About the book:
When fifteen-year-old Olivia Jean finds herself in the “family way,” her mother, Daisy, who has never been very maternal, springs into action. Daisy decides that Olivia Jean can’t stay in New York and whisks her away to her grandmother’s farm in Alabama to have the baby–even though Daisy and her mother, Birdie, have been estranged for years. When they arrive, Birdie lays down the law: Sure, her granddaughter can stay, but Daisy will have to stay as well. Though Daisy is furious, she has no choice.
Now, under one little roof in the 1960s Deep South, three generations of spirited, proud women are forced to live together. One by one, they begin to lose their inhibitions and share their secrets. And as long-guarded truths emerge, a baby is born–a child with the power to turn these virtual strangers into a real, honest-to-goodness family.
Most reviews I've seen call it "wonderful" and a great book for and about mothers and daughters.
It's meant to be a thought-provoking, coming of age, multi-generational book. A young girl becomes pregnant and her mother takes her down south to her grandmother's home. Mom and grandma are somewhat estranged, mom and daughter are somewhat estranged. Most of the men are losers. Secrets are shared and ideally everyone comes together at the end.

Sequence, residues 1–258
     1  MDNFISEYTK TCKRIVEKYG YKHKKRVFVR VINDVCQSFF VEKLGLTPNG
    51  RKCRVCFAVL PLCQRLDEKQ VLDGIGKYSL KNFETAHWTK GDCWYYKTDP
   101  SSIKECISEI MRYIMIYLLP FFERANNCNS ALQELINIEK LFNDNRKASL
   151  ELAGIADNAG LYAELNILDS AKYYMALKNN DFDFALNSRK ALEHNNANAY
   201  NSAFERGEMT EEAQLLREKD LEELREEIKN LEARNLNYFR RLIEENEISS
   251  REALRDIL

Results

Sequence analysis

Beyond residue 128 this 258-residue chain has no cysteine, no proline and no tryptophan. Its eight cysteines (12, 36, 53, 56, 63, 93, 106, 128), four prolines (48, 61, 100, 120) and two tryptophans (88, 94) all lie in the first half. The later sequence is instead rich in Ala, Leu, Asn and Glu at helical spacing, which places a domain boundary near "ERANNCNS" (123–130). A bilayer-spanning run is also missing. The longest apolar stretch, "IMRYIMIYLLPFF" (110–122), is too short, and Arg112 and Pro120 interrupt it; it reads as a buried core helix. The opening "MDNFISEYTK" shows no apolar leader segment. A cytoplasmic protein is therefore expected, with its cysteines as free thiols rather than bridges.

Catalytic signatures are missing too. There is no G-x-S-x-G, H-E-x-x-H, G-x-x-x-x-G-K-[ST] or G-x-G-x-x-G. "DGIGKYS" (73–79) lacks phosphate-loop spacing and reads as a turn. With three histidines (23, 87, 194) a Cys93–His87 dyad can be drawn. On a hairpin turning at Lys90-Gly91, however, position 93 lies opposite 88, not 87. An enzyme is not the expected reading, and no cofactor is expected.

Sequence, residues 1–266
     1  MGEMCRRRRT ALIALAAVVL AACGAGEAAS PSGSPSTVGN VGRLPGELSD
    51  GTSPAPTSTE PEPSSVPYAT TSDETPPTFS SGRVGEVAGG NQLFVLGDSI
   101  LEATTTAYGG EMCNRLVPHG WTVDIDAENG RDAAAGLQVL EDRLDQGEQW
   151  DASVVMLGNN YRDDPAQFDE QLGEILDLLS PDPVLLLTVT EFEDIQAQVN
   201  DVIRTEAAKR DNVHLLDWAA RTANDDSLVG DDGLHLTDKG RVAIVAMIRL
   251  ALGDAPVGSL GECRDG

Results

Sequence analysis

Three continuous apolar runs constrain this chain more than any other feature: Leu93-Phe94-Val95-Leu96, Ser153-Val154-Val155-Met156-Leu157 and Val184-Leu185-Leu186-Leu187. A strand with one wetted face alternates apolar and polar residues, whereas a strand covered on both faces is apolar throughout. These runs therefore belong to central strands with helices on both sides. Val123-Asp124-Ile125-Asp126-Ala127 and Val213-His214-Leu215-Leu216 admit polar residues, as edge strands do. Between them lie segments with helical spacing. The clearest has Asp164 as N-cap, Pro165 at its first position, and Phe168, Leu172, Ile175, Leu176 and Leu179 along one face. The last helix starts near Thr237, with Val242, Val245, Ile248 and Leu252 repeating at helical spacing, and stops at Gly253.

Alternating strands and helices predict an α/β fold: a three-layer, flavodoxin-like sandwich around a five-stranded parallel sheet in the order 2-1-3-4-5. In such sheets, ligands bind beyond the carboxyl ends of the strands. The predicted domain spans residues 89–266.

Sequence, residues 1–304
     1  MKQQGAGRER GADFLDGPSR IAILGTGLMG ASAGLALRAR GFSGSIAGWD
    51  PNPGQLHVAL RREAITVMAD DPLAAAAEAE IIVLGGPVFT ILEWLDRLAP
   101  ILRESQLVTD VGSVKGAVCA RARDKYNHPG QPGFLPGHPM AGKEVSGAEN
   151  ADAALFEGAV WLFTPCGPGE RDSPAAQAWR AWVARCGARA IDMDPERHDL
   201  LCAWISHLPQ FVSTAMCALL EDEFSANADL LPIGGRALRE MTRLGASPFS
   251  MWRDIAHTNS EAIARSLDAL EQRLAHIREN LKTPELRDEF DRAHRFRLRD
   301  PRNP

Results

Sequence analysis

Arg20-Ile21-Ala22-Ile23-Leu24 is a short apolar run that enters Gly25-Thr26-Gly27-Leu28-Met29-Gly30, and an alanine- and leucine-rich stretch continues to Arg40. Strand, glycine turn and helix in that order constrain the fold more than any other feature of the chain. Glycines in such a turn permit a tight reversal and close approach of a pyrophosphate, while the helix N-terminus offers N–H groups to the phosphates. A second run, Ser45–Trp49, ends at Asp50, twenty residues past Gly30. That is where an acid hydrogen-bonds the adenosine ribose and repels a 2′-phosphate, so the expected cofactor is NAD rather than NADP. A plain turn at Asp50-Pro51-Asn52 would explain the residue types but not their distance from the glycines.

I couldn't even finish it. I didn't care about the characters. I couldn't relate to any of them and they inspired no compassion in me whatsoever. The book jumped around a lot, it wasn't a smooth read. It was too raw, with profanity and s*x scenes: and a vulgar edge that was uncomfortable. I'm sure it was "realistic" for many, but I didn't like it.
You can check out other, more positive reviews at Peeking Between the Pages, Diary of an Eccentric, Red Lady's Reading Room, Booking Mama, and Bookworm's Dinner.
Thanks to my local library for having a copy I could borrow. You can purchase your own copy here.